We are the land of the free, home of the brave, and a country proud of the red, white, and blue. However, the color green also seems to be working its way into the fabric of America in the form of eco-conscious automobiles. Although an increasing number of Americans are buying electric vehicles, I am skeptical that Americans will completely make the switch.  It isn’t America’s own cautious nature delaying the transition into electric cars; we have real reasons to be dubious that electric cars can fully accommodate our needs. In short, electric cars are not ready to meet the needs of American drivers.

1. “Reliability” is not its middle name.

As consumers have sought relief from climbing gas prices, interest in electric vehicles (EVs) has increased. In turn, rising sales have put more pressure on EV-manufacturers and dealers to expand service and offer more reliable cars… creating headaches and growing pains for the fledgling industry. Electric cars are still a new idea; thus, not all the bugs have been worked out. Case in point: Tesla.

Many car companies are adding EVs to their lineups, but only one company can call itself “all electric.”  Tesla, the flagship of high-end electric vehicles, is a rising star in the EV world. Its cars are cool and offer some of the longest-range batteries available. Also, uch to the joy of taxpayers, it is set to repay its Department of Energy loans ($465 million) back five years early.  Cha-ching!  Despite its success, this rising “Michael Jordan” of the automotive world has stumbled. Tesla’s VERY profitable Model S was the unfortunate subject of a negative article that appeared in the New York Times a few weeks ago — the writer’s Model S was plagued by low battery, was described as having to limp from charging station to charging station, and supposedly broke down due to cold-weather effects on the battery. A group of electric car owners, literal Tesla “roadies,” got together and decided to clear the name of the Tesla Model S. Their successful trip mirroring that in the Times article, and a foray into the computer of the journalist’s Model S, cast some major doubt on the authenticity of the article; however, it also cast some serious doubt on the capabilities of the Model S and other electric cars.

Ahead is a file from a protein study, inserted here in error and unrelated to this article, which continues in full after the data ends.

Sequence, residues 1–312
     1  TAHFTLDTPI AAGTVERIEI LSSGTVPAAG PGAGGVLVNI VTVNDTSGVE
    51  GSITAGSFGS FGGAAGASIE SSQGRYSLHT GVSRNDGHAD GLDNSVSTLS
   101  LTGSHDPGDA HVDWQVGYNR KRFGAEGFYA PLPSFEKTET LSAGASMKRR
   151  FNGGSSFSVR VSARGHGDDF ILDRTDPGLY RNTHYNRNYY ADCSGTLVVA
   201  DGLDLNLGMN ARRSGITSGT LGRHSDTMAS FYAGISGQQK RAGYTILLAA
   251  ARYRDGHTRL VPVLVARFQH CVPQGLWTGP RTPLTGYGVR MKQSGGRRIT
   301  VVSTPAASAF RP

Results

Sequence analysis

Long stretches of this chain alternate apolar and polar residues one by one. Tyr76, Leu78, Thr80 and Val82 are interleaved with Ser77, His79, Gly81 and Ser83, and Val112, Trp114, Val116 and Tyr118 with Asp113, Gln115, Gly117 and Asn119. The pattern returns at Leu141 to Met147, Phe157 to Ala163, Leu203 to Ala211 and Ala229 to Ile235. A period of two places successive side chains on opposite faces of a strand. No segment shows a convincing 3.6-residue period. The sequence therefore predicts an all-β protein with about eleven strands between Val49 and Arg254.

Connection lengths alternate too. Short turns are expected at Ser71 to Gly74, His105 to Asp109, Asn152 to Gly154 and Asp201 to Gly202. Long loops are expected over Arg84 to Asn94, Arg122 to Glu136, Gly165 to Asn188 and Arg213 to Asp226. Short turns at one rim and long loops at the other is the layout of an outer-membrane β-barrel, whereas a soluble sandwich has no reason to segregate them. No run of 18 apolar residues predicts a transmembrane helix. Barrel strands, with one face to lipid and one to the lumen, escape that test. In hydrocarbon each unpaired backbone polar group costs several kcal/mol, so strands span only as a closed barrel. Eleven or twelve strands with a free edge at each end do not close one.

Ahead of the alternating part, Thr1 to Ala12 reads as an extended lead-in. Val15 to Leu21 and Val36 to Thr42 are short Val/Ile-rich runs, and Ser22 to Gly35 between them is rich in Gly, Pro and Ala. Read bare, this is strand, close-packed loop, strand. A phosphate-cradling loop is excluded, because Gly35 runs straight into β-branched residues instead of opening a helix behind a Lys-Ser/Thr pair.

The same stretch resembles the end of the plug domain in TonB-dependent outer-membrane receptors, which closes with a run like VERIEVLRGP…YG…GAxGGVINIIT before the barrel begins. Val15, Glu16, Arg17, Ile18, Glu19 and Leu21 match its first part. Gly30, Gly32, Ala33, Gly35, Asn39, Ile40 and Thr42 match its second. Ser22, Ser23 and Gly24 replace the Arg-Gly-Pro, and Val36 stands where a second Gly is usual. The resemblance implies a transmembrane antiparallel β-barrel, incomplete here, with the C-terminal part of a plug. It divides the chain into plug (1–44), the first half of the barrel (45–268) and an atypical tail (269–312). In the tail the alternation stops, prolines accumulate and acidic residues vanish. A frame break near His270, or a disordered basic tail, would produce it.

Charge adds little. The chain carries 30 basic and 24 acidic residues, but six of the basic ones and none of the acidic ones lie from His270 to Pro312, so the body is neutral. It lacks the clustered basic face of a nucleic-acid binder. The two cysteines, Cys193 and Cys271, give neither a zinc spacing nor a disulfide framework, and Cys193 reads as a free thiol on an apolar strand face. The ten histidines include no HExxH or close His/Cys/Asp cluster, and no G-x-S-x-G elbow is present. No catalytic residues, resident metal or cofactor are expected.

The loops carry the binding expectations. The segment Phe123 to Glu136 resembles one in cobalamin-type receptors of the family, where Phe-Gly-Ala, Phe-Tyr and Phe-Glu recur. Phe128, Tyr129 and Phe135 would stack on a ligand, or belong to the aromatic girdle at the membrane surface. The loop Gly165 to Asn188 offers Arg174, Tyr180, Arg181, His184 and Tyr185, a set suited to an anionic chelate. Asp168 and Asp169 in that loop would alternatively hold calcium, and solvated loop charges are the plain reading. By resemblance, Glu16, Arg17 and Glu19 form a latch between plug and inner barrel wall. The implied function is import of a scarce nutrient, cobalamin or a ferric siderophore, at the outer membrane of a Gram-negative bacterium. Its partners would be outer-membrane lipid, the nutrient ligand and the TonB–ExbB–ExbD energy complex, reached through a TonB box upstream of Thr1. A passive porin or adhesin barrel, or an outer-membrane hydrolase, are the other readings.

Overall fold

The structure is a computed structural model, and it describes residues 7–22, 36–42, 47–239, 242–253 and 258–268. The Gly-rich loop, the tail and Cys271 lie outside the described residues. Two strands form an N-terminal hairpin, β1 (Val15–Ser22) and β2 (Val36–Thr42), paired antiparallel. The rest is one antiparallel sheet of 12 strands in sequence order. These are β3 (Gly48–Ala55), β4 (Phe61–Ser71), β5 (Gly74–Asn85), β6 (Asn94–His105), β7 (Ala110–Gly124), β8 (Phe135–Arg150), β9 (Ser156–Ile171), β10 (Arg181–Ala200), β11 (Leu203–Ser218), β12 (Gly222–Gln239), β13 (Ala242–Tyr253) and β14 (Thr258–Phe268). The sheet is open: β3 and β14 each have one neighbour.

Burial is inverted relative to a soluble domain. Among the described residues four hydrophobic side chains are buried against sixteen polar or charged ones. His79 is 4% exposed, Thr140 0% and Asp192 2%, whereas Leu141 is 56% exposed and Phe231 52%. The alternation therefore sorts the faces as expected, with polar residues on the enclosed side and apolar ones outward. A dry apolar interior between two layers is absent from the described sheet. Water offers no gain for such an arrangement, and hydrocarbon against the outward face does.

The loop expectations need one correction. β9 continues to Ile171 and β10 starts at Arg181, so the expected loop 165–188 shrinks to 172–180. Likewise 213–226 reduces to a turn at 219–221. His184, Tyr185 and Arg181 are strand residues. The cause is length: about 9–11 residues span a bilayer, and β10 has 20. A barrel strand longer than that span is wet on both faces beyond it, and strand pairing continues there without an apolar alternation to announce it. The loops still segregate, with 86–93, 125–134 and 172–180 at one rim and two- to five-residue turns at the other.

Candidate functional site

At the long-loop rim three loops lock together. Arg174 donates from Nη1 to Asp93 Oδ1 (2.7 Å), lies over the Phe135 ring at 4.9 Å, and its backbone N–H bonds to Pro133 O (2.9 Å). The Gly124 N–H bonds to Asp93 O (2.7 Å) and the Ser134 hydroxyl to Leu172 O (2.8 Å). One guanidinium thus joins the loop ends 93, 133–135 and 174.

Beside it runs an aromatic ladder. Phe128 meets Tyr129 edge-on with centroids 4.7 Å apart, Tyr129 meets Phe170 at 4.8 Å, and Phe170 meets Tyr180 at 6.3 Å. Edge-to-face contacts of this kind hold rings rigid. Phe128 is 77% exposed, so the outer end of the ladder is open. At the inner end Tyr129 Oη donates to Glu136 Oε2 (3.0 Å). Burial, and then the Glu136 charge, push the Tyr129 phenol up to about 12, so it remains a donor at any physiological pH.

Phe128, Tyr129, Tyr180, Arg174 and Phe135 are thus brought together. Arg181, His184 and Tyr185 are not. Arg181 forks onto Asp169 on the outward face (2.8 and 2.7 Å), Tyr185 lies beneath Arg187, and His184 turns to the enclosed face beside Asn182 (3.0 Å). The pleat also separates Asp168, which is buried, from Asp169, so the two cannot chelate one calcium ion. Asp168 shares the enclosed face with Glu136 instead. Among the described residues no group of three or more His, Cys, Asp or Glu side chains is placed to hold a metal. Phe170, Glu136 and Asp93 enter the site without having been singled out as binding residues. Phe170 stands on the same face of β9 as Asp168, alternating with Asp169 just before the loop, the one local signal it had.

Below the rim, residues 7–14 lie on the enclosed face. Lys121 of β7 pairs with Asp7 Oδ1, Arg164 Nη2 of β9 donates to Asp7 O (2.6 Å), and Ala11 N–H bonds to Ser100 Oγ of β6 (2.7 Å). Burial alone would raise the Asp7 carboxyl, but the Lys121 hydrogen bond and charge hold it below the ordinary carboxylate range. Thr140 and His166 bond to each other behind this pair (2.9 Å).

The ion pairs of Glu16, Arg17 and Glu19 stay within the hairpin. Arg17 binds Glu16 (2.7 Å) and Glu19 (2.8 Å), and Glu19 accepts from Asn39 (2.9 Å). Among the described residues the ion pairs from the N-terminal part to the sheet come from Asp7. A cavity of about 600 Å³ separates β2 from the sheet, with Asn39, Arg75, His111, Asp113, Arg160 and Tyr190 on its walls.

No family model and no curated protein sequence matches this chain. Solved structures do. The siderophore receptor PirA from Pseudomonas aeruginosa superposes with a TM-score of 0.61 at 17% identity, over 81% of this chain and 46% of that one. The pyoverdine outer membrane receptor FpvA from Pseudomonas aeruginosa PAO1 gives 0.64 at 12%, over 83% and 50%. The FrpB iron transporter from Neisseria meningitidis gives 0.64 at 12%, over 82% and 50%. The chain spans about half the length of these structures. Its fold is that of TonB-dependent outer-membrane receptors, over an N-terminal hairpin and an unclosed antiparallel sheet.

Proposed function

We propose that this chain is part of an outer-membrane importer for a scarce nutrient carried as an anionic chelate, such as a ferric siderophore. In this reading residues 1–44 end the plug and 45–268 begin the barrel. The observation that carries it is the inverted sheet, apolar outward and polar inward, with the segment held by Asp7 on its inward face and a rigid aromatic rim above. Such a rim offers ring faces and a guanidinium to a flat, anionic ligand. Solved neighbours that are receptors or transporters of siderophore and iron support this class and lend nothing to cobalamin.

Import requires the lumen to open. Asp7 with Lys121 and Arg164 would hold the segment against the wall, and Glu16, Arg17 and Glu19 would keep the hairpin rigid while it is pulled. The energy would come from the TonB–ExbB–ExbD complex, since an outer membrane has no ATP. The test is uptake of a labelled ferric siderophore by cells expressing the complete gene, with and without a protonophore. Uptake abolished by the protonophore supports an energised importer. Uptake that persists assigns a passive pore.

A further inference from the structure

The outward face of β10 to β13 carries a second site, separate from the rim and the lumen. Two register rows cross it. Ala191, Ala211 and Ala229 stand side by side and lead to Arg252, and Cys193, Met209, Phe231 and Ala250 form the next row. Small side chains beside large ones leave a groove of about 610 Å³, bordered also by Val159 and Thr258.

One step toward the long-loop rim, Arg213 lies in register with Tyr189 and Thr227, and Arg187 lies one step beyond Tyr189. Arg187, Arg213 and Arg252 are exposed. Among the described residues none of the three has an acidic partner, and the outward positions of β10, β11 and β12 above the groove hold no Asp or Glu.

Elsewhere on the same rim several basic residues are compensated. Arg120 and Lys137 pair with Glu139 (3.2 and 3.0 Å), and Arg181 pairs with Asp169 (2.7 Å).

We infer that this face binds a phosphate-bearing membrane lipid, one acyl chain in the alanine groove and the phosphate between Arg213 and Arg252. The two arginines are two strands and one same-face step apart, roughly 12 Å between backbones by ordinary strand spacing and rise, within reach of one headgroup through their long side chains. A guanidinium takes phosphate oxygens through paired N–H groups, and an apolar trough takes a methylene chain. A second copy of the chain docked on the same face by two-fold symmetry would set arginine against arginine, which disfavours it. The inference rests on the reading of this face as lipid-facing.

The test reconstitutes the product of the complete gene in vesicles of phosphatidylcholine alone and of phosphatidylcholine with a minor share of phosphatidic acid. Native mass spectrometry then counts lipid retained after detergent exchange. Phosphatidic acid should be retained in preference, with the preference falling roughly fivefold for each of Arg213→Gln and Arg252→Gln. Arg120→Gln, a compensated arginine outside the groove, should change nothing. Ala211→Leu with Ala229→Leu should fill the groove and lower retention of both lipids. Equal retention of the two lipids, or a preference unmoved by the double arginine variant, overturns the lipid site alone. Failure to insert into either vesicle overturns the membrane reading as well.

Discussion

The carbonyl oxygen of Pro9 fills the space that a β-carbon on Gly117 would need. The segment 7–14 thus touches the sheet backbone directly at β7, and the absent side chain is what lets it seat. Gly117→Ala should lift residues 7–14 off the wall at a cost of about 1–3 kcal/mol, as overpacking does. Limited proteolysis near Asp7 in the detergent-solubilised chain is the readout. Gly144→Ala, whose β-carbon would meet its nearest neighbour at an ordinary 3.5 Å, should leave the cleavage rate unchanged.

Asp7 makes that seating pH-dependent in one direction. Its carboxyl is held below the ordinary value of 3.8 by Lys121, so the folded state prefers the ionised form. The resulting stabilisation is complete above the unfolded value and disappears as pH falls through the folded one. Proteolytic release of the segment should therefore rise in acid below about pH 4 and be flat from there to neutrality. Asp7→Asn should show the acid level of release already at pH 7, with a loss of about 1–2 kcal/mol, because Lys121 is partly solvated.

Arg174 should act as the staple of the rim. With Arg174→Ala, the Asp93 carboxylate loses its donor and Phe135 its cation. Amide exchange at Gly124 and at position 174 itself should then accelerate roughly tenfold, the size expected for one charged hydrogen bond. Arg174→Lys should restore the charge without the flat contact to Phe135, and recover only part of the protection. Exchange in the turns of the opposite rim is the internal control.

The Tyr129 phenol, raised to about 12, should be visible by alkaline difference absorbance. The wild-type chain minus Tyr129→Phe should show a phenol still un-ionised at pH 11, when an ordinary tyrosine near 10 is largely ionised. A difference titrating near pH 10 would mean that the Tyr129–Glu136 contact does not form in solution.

If batteries start on fire due to salt-water exposure or are possibly compromised due to more extreme air temperatures, electric cars are going to be fighting an uphill battle to prove their usefulness. In fact, in some areas of the country, they might not be possible to operate. To those who live in hurricane-prone areas, the “mini- arctic” in the north of Wisconsin and Minnesota, and the oven-like states of Arizona, New Mexico, and Texas — you live in EV nightmare-land. State-by-state analysis of EV viability isn’t going to fly; these cars need to work everywhere — otherwise, why buy them?